[concurrency-interest] Array allocation and access on the JVM

David Dice david.dice at gmail.com
Fri Jan 27 12:10:20 EST 2012


Date: Fri, 27 Jan 2012 09:29:17 -0700
> From: Nathan Reynolds <nathan.reynolds at oracle.com>
> To: Hanson Char <hanson.char at gmail.com>
> Cc: Doug Lea <dl at cs.oswego.edu>, concurrency-interest at cs.oswego.edu
> Subject: Re: [concurrency-interest] Array allocation and access on the
>        JVM
> Message-ID: <4F22D0DD.6020501 at oracle.com>
> Content-Type: text/plain; charset="iso-8859-1"; Format="flowed"
>
> Defaulting -XX:+UseCondCardMark would require a lot of testing to create
> a heuristic to guess when it should default on or off.  Not all
> workloads hit contention on the card table.  Making the card table
> concurrent for these workloads would slow them down.  If the heuristic
> sub-optimal, then we would be in a worse situation than we are today.
>
> In order for the JVM to detect contention, it would need to profile each
> access or have a hardware counter to declare contention.  Timing each
> access and tracking statistics would be expensive.  Hardware counters
> exist but they are too expensive to access because of kernel round
> trips.  So, the current solutions are more expensive than the actual
> problem.
>
> We have asked hardware vendors to supply user-mode access to hardware
> counters for true and false sharing.  The same hardware counters can be
> used for this problem.  If we get the user-mode hardware counters, then
> this might be automatize.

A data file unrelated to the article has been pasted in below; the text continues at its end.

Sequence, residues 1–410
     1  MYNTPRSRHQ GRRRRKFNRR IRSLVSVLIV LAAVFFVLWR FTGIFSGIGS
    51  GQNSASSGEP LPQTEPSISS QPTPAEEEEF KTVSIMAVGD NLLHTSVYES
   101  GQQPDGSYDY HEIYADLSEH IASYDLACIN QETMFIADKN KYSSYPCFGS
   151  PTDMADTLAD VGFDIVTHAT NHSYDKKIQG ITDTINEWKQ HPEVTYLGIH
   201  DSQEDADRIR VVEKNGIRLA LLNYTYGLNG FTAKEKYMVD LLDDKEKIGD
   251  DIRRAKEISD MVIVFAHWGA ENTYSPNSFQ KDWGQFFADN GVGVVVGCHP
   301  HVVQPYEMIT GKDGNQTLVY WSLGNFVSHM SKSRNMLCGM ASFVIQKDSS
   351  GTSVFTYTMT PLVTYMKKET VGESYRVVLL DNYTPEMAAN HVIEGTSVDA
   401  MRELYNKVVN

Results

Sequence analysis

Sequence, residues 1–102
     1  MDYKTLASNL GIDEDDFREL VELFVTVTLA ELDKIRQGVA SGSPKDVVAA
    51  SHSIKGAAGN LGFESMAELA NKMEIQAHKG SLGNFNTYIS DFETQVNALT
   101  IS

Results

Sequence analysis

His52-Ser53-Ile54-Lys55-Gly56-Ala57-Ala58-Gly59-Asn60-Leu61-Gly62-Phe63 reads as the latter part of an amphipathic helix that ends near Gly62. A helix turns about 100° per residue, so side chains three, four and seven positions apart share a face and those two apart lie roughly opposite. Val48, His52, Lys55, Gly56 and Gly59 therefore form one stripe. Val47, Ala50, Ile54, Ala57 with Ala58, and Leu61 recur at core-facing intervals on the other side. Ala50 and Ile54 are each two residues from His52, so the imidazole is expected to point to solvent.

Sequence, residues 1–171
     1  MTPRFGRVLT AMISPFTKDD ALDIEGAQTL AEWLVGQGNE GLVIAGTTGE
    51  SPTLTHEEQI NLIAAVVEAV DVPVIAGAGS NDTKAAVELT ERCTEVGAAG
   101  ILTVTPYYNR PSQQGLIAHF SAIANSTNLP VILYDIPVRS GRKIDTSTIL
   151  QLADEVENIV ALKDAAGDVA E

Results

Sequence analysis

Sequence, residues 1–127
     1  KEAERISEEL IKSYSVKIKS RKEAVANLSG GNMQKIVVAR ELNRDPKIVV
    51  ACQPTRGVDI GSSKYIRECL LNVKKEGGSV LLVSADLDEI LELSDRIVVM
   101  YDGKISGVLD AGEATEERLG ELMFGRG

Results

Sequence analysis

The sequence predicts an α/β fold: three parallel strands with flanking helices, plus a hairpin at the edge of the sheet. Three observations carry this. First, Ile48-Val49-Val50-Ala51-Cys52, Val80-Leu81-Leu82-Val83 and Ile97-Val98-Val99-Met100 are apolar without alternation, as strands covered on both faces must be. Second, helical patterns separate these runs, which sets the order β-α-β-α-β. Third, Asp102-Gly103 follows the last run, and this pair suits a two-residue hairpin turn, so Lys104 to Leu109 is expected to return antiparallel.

>
> Another difficulty would be in making this flag dynamically changeable
> _without_ incurring a performance penalty.
>
>
The decision is platform-specific as well as load-specific.   Using CCM
won't be profitable on a single-core T2+, for instance, where false sharing
is particularly cheap.   Similarly, if you have the system partitioned into
small-diameter domains then it's more apt to be unprofitable.

Currently, the flag exists as a diagnostic tool to help us identify how
wide-spread the issue is, as well as the magnitude of the performance drop.


Also, the current CCM idiom could use improvement before we try to make
decisions.     It could certainly be made faster.   Some branch-free forms
have a slightly longer path but appear to perform better.

Regards
Dave

blogs.sun.com/dave

p.s., if we were to have good hardware profiling (say, like AMD's LWP that
disintermediated the OS) then we might be able to sample and adapt by
individual card marking site, instead of trying to turn the feature on/off
globally.
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